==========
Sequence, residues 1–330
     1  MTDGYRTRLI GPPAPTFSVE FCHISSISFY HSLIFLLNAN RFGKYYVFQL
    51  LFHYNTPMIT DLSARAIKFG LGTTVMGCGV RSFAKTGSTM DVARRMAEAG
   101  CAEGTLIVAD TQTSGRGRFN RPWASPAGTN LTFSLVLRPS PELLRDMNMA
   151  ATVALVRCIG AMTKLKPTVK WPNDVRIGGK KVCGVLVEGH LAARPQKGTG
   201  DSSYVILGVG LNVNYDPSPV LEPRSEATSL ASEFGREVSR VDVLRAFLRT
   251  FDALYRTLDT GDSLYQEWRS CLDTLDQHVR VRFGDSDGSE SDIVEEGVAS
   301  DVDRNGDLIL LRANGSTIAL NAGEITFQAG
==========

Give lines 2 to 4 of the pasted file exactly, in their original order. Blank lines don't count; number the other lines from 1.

     1  MTDGYRTRLI GPPAPTFSVE FCHISSISFY HSLIFLLNAN RFGKYYVFQL
    51  LFHYNTPMIT DLSARAIKFG LGTTVMGCGV RSFAKTGSTM DVARRMAEAG
   101  CAEGTLIVAD TQTSGRGRFN RPWASPAGTN LTFSLVLRPS PELLRDMNMA